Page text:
An organization headed by Tempe City Councilman Johnny G. "Hut" Hutson is still in business a year after questions arose about whether it should be registered as a charity.
Hutson founded the Friends of Tempe Butte in 1985. He has served as its president, fundraiser and treasurer ever since. He’s always run it rather loosely.
The purpose of the group is to place Christmas symbols on Hayden and Bell buttes in Tempe every year.
Hutson and his volunteers put lighted wood cutouts of the Three Wise Men riding camels on Hayden Butte near Sun Devil Stadium. They similarly put a snowman family on Bell Butte near Wyndham Buttes Resort.
"I enjoy it. I really enjoy it. I look forward to it each year," Hutson said Friday.
Plans call for the Wise Men and the snowmen to take their usual places Saturday.
The expense associated with the effort really is anyone’s guess. Hutson runs the organization’s finances through a personal account.
On Friday, he said the electric bill for the Hayden Butte display comes to about $35 to $50 annually. Last year, he said it came to $200 to $300 annually.
On Friday, he said he sends letters to about 50 people annually soliciting help. Last year, he said he sent letters to about 100 people.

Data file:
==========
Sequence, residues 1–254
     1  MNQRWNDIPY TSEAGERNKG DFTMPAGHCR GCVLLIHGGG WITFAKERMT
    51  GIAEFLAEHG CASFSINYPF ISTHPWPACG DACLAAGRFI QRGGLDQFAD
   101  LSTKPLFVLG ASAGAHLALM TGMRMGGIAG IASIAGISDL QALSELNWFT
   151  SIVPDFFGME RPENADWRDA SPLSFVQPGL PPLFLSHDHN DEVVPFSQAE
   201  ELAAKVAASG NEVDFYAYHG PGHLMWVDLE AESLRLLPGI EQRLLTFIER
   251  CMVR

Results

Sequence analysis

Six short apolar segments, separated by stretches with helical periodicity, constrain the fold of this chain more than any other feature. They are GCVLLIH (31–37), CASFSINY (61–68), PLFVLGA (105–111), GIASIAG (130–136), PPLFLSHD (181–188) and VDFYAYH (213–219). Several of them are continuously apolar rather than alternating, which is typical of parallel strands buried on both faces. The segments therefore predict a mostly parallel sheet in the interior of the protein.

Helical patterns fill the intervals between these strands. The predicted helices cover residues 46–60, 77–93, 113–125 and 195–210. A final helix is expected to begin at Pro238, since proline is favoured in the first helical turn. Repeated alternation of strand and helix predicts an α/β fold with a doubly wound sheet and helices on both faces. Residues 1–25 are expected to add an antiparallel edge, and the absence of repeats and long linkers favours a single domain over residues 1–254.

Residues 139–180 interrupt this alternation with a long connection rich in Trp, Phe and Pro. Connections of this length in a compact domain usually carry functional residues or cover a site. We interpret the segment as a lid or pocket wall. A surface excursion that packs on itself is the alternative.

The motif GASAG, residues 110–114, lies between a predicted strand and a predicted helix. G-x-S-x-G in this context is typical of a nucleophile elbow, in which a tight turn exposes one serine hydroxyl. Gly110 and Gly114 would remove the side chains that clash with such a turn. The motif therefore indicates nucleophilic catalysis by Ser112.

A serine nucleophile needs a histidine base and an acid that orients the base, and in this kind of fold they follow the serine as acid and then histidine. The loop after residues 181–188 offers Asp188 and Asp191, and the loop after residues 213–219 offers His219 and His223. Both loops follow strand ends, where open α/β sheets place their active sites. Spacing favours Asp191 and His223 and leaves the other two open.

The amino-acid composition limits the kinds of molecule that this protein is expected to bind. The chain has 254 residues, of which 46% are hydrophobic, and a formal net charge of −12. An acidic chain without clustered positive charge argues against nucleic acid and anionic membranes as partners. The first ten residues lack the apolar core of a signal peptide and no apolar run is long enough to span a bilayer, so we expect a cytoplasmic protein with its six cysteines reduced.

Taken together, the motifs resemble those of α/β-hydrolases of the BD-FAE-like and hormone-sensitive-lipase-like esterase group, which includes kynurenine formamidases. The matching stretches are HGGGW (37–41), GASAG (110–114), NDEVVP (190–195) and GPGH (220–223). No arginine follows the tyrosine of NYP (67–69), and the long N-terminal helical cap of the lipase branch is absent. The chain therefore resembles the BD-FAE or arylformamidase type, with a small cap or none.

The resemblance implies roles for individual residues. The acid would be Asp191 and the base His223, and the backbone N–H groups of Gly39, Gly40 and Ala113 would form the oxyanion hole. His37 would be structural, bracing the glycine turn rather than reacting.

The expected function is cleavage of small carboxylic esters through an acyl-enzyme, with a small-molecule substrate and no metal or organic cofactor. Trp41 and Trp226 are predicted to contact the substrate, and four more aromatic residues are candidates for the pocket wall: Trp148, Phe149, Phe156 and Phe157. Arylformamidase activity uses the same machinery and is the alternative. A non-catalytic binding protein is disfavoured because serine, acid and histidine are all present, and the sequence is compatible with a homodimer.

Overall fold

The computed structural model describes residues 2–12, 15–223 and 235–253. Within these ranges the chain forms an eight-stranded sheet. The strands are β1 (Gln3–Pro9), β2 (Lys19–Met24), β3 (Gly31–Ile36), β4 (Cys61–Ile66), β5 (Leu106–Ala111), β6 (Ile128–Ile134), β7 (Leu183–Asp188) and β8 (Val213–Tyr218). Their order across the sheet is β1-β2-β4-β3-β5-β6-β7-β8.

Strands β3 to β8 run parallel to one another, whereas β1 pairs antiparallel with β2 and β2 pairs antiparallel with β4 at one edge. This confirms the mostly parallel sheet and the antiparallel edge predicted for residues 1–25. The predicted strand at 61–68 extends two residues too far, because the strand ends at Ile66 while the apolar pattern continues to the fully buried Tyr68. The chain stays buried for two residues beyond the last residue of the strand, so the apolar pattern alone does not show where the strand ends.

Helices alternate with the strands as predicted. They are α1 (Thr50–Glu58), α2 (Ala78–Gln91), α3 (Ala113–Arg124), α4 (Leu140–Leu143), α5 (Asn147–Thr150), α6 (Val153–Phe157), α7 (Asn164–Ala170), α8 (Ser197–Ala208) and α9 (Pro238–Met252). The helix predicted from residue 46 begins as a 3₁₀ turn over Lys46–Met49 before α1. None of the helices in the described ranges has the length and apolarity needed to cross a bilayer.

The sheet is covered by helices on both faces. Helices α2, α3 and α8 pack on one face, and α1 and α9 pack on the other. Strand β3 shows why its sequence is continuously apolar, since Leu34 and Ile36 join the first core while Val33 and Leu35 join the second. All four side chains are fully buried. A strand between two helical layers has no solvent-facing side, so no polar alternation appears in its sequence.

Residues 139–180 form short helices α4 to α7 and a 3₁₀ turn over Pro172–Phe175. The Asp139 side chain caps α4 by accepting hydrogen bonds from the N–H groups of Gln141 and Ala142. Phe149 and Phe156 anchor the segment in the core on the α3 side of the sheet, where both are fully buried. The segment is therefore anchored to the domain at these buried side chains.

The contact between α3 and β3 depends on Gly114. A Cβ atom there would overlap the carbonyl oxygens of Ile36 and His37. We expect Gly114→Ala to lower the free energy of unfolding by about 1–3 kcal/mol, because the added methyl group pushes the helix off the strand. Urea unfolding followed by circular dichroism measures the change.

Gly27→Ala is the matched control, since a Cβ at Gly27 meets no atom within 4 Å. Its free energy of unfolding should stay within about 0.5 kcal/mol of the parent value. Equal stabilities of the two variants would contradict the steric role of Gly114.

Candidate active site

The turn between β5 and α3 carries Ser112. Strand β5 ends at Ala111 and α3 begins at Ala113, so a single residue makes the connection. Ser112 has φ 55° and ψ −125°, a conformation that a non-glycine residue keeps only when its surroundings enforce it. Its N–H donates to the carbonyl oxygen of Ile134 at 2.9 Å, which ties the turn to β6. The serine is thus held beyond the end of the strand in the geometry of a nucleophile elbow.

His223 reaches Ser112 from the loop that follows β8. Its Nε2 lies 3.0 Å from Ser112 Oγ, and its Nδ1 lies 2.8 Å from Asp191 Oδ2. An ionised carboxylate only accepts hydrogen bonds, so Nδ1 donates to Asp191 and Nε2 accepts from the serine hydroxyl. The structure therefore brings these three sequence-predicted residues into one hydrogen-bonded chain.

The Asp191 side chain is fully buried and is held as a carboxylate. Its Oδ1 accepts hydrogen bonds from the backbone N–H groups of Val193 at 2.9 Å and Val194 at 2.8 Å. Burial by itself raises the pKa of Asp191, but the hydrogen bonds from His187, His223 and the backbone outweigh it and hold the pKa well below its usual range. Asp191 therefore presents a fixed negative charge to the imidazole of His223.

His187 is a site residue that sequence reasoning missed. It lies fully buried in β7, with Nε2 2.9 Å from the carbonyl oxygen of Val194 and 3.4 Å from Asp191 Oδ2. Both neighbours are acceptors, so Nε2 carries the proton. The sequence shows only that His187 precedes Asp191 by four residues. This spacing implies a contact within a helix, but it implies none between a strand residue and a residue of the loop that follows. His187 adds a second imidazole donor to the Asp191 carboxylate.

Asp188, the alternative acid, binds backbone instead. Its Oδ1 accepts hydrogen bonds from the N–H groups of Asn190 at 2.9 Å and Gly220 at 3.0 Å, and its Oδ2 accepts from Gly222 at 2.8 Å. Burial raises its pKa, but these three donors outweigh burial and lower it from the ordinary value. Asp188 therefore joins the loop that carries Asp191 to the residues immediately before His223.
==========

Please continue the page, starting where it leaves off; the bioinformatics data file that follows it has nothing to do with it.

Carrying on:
If the organization was registered as a charity, its financial books would be open for review. They’re not.
After questions arose last year, Hutson said he would file the appropriate paperwork. However, he learned that his organization is something other than a charity, he said.
"It took me three months of digging to find out that I don’t even qualify for that. I don’t fall under that rule at all," Hutson said.
The rule, according to Arizona statute, concerns whether the organization "employs a charitable appeal as the basis of a solicitation."
"I do not solicit to the general public — that’s one big thing," Hutson said.
"I send out a letter asking people asking if they would like to contribute that are people that help me or have asked me to send them this letter," he said.
A spokeswoman for the Secretary of State’s Office, which registers charities, said it’s up to each organization to determine its own status. Complaints about organizations operating as charities are forwarded to the Arizona Attorney General’s Office for investigation.
Beginning in the 1930s, Tempe erected the decorations for decades until Mayor Harry Mitchell asked Hutson to take over in 1985, because the American Civil Liberties Union was concerned about using public funds to maintain religious decorations.
Over the years, Hutson has served in various capacities for nearly two dozen charities — though that list still doesn’t include Friends of Tempe Butte.